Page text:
How we manage asbestos across our properties.
Asbestos is the name given to a group of silicate minerals commonly found in rocks worldwide (though not in the UK).
The three most common forms of asbestos are:
- crocidolite ('blue asbestos')
- amosite ('brown asbestos')
- chrysotile ('white asbestos')
Asbestos fibres are flexible and mechanically strong, have high tensile strength and are chemical, electrical and heat resistant. Asbestos was commonly used raw (eg textiles and insulation) or combined with other materials (eg boards, asbestos cement).
Asbestos was banned in the UK in 1999. However, a lot of our housing was built or refurbished before this time and some properties contain asbestos materials. Products containing asbestos can look the same as those that do not, so you should always be careful.
Our asbestos policy
It is our policy, in line with Legislation and the Health and Safety Executive’s (HSE) Guidance, to leave asbestos-containing materials that are in good condition in place.
However, if an asbestos-containing material is in poor condition, is likely to be disturbed resulting in damage, or if a repair, improvement or alteration takes place on or near it, we will remove it.
The important thing to remember is that as long as asbestos-containing materials are in good condition they do not pose a risk.
Where could asbestos be in my home?
Outside your home
- Roof tiles, promenade tiles and cladding tiles
- flue pipes, guttering and rainwater pipes, soffit and fascia boards and window boxes
- corrugated cement garage and shed roofs
- sprayed coatings to garage ceilings (Thamesmead estate)
- string to pipe insulation, external pipework boxing (Thamesmead estate)
Inside your home
- Textured coatings to ceilings and walls (sometimes known as "Artex")
- floor tiles and/or tile adhesive
- panels above doors, access panels and linings to service ducts, cupboards, doors, loft access hatches to walls behind or above radiators and beneath stairs
- pipe insulation and pipe gaskets
- bath panels and older toilet cisterns
- sink pads
- window sills
- older domestic boilers and electric storage heaters
- water tanks
- asbestos mastic and glazing joints to windows and doors
- 'Belgium board' composite asbestos/wood/asbestos internal wall panels (Thamesmead estate)
- asbestos boards with melamine type decorative finish (Thamesmead estate)
- older electrical fuse boards and equipment may contain asbestos flashguards, rope seals or phase barriers
- Ironing board mats
Asbestos: what are the risks?
Asbestos-containing materials are not a risk if they are in good condition. If they do become damaged or their condition deteriorates, then you and others may be at risk. Damaged asbestos containing materials can release fibres which, when inhaled, can cause serious diseases.
We have a duty to manage materials containing asbestos in our properties. We do this by:
- Developing an Asbestos Management Plan setting out how we will manage asbestos in our properties.
- Carrying out surveys of individual properties, locations and communal areas.
- Recording all asbestos information on our asbestos register.
- Providing information about the presence of asbestos-containing materials to anyone who could potentially come into contact with them.
- Employing accredited asbestos survey consultants and licensed asbestos removal contractors for all work involving asbestos-containing materials.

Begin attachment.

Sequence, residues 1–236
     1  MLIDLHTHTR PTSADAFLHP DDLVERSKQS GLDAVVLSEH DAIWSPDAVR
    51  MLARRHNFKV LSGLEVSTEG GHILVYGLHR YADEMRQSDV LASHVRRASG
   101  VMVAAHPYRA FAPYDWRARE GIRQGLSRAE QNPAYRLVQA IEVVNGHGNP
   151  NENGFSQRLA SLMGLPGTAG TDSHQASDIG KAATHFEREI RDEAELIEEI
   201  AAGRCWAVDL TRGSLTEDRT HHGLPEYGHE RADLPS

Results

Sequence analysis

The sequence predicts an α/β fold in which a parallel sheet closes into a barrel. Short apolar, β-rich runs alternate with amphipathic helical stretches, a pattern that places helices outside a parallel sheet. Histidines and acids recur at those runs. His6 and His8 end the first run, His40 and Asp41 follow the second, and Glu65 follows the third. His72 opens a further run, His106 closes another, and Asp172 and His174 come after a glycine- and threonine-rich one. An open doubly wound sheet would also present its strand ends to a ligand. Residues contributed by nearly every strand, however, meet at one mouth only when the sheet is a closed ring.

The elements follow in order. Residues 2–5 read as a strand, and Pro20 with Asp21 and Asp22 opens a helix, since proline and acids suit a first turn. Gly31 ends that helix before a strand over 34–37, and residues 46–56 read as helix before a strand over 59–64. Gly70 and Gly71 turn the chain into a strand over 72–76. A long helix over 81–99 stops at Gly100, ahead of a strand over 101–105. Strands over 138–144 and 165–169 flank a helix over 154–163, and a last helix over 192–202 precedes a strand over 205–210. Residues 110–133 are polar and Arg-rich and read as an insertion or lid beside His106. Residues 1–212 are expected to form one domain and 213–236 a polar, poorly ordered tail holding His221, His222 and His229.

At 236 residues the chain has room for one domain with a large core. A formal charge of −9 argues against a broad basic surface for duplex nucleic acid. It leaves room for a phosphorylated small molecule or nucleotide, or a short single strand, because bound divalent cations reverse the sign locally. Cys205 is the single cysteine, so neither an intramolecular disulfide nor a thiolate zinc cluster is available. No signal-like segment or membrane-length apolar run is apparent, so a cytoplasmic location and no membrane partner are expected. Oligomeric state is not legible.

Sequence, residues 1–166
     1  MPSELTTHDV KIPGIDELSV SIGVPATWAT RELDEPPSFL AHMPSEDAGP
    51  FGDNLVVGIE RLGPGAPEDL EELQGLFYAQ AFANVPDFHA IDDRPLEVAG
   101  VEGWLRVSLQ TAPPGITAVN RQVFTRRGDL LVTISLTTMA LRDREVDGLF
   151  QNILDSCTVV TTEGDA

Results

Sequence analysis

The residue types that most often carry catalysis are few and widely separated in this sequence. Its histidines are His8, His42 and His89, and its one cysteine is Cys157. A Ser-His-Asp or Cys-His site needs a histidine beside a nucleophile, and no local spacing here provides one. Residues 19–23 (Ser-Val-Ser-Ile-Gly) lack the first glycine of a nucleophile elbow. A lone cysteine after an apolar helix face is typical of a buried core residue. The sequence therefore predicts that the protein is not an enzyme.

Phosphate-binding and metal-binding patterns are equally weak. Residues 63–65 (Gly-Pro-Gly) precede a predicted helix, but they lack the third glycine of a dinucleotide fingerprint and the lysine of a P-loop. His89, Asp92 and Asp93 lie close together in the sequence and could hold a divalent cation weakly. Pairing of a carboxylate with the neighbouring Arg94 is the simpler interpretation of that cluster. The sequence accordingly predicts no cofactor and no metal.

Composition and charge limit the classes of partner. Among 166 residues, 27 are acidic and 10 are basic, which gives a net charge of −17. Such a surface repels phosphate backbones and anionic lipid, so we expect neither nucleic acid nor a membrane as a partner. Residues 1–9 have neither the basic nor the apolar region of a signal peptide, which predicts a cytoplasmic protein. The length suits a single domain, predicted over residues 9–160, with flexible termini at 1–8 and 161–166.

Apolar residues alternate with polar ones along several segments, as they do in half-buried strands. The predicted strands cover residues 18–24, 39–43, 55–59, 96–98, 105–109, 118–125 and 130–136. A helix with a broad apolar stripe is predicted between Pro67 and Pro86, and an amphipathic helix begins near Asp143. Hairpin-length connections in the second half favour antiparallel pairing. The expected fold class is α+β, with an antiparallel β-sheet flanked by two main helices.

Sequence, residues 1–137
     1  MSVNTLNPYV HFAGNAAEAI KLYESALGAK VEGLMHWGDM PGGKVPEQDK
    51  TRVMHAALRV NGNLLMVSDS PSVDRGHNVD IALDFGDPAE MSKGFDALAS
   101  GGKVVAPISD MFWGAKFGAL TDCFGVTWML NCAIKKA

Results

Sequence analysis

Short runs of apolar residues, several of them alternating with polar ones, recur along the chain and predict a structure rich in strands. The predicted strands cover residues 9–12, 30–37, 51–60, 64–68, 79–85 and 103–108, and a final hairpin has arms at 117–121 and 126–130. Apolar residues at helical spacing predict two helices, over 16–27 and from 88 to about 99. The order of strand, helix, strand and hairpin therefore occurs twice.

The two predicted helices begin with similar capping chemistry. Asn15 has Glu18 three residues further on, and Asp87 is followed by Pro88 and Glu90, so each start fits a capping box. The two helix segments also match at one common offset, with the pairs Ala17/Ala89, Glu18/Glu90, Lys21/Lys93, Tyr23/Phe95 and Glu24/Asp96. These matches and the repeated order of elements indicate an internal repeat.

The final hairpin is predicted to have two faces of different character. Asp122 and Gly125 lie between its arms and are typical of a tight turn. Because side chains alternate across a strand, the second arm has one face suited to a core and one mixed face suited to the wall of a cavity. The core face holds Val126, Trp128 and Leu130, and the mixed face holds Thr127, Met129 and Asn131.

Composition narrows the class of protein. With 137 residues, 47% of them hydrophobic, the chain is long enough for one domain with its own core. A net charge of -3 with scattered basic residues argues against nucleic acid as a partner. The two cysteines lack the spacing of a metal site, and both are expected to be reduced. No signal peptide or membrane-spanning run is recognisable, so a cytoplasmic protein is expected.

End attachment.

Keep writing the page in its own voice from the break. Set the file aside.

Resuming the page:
Advice for tenants - do's and don'ts
Contact us straightaway if:
- You have any concerns about asbestos containing materials in your property.
- Any materials you think may contain asbestos or have been told contain asbestos have become damaged or disturbed.
Make sure that:
- Any material you have been told contains asbestos stays in good condition.
- Before you carry out any DIY work you should get our advice. You may also need permission under the conditions of your tenancy. Remember, materials that contain asbestos which are in good condition are not a risk to your health.
Make sure you don’t:
- Work on, damage or remove materials containing asbestos, including drilling, cutting, scraping or sanding.
- Jet-wash or clean down asbestos cement roofing materials such as corrugated garage or shed roofs.
- Remove old floor tiles or linoleum which could contain asbestos.
Removing domestic appliances that may contain asbestos
Items such as cookers, ironing board pads, fire blankets and oven gloves may contain asbestos. If you are planning to dispose of any of these items and think they may contain asbestos, please contact your local authority first for advice. These items are not Town & Country Housing's responsibility to remove.
Under the terms of your lease, leaseholders (homeowners) or freeholders are responsible for all fixtures and fittings within the property, which includes textured coatings such as 'Artex' and floor tiles.
We are responsible for the structure of the building and communal areas. It is best to leave any items you think contain asbestos in place if they are in good condition. For example, if you wish to lay carpet on top of floor tiles, use tape to hold the carpet down instead of a carpet gripper rod, as this will damage the floor tiles beneath.
If you would like to remove materials that contain asbestos, we recommend that you contact an asbestos-removal contractor licensed by the Health and Safety Executive (HSE) to carry out the work.
If you do remove asbestos as described, please tell us so we can keep a record and pass on any relevant information to new residents, contractors and third parties.